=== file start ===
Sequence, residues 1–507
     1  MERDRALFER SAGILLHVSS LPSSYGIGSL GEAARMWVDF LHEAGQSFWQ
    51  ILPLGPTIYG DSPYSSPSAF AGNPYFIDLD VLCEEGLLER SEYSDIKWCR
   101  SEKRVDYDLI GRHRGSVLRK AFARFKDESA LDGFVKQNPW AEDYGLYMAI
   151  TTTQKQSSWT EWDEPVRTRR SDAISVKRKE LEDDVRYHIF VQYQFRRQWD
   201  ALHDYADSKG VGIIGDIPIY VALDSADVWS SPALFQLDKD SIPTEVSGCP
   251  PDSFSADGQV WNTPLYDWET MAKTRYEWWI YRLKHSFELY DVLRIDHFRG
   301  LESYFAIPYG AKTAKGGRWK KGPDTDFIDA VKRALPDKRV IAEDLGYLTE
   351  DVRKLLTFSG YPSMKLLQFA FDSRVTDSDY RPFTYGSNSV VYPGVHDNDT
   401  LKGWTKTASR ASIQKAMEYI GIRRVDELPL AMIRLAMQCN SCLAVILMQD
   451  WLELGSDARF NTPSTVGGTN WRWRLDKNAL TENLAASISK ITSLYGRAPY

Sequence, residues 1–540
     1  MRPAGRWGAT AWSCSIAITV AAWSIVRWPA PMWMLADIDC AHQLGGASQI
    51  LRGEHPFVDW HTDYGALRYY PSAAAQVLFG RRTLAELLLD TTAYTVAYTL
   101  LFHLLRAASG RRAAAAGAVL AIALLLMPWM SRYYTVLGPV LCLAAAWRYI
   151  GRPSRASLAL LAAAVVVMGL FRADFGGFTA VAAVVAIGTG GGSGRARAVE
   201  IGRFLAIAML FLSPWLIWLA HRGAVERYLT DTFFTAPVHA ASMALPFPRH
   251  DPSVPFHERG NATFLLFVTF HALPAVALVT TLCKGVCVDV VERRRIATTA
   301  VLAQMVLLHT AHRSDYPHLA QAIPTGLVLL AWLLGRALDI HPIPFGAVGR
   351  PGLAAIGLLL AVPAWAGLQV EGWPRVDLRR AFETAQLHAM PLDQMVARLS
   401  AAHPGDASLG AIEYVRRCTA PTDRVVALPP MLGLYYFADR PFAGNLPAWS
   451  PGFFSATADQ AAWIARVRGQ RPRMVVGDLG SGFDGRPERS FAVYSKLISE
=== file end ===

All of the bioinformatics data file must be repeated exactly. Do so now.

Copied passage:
Sequence, residues 1–507
     1  MERDRALFER SAGILLHVSS LPSSYGIGSL GEAARMWVDF LHEAGQSFWQ
    51  ILPLGPTIYG DSPYSSPSAF AGNPYFIDLD VLCEEGLLER SEYSDIKWCR
   101  SEKRVDYDLI GRHRGSVLRK AFARFKDESA LDGFVKQNPW AEDYGLYMAI
   151  TTTQKQSSWT EWDEPVRTRR SDAISVKRKE LEDDVRYHIF VQYQFRRQWD
   201  ALHDYADSKG VGIIGDIPIY VALDSADVWS SPALFQLDKD SIPTEVSGCP
   251  PDSFSADGQV WNTPLYDWET MAKTRYEWWI YRLKHSFELY DVLRIDHFRG
   301  LESYFAIPYG AKTAKGGRWK KGPDTDFIDA VKRALPDKRV IAEDLGYLTE
   351  DVRKLLTFSG YPSMKLLQFA FDSRVTDSDY RPFTYGSNSV VYPGVHDNDT
   401  LKGWTKTASR ASIQKAMEYI GIRRVDELPL AMIRLAMQCN SCLAVILMQD
   451  WLELGSDARF NTPSTVGGTN WRWRLDKNAL TENLAASISK ITSLYGRAPY

Sequence, residues 1–540
     1  MRPAGRWGAT AWSCSIAITV AAWSIVRWPA PMWMLADIDC AHQLGGASQI
    51  LRGEHPFVDW HTDYGALRYY PSAAAQVLFG RRTLAELLLD TTAYTVAYTL
   101  LFHLLRAASG RRAAAAGAVL AIALLLMPWM SRYYTVLGPV LCLAAAWRYI
   151  GRPSRASLAL LAAAVVVMGL FRADFGGFTA VAAVVAIGTG GGSGRARAVE
   201  IGRFLAIAML FLSPWLIWLA HRGAVERYLT DTFFTAPVHA ASMALPFPRH
   251  DPSVPFHERG NATFLLFVTF HALPAVALVT TLCKGVCVDV VERRRIATTA
   301  VLAQMVLLHT AHRSDYPHLA QAIPTGLVLL AWLLGRALDI HPIPFGAVGR
   351  PGLAAIGLLL AVPAWAGLQV EGWPRVDLRR AFETAQLHAM PLDQMVARLS
   401  AAHPGDASLG AIEYVRRCTA PTDRVVALPP MLGLYYFADR PFAGNLPAWS
   451  PGFFSATADQ AAWIARVRGQ RPRMVVGDLG SGFDGRPERS FAVYSKLISE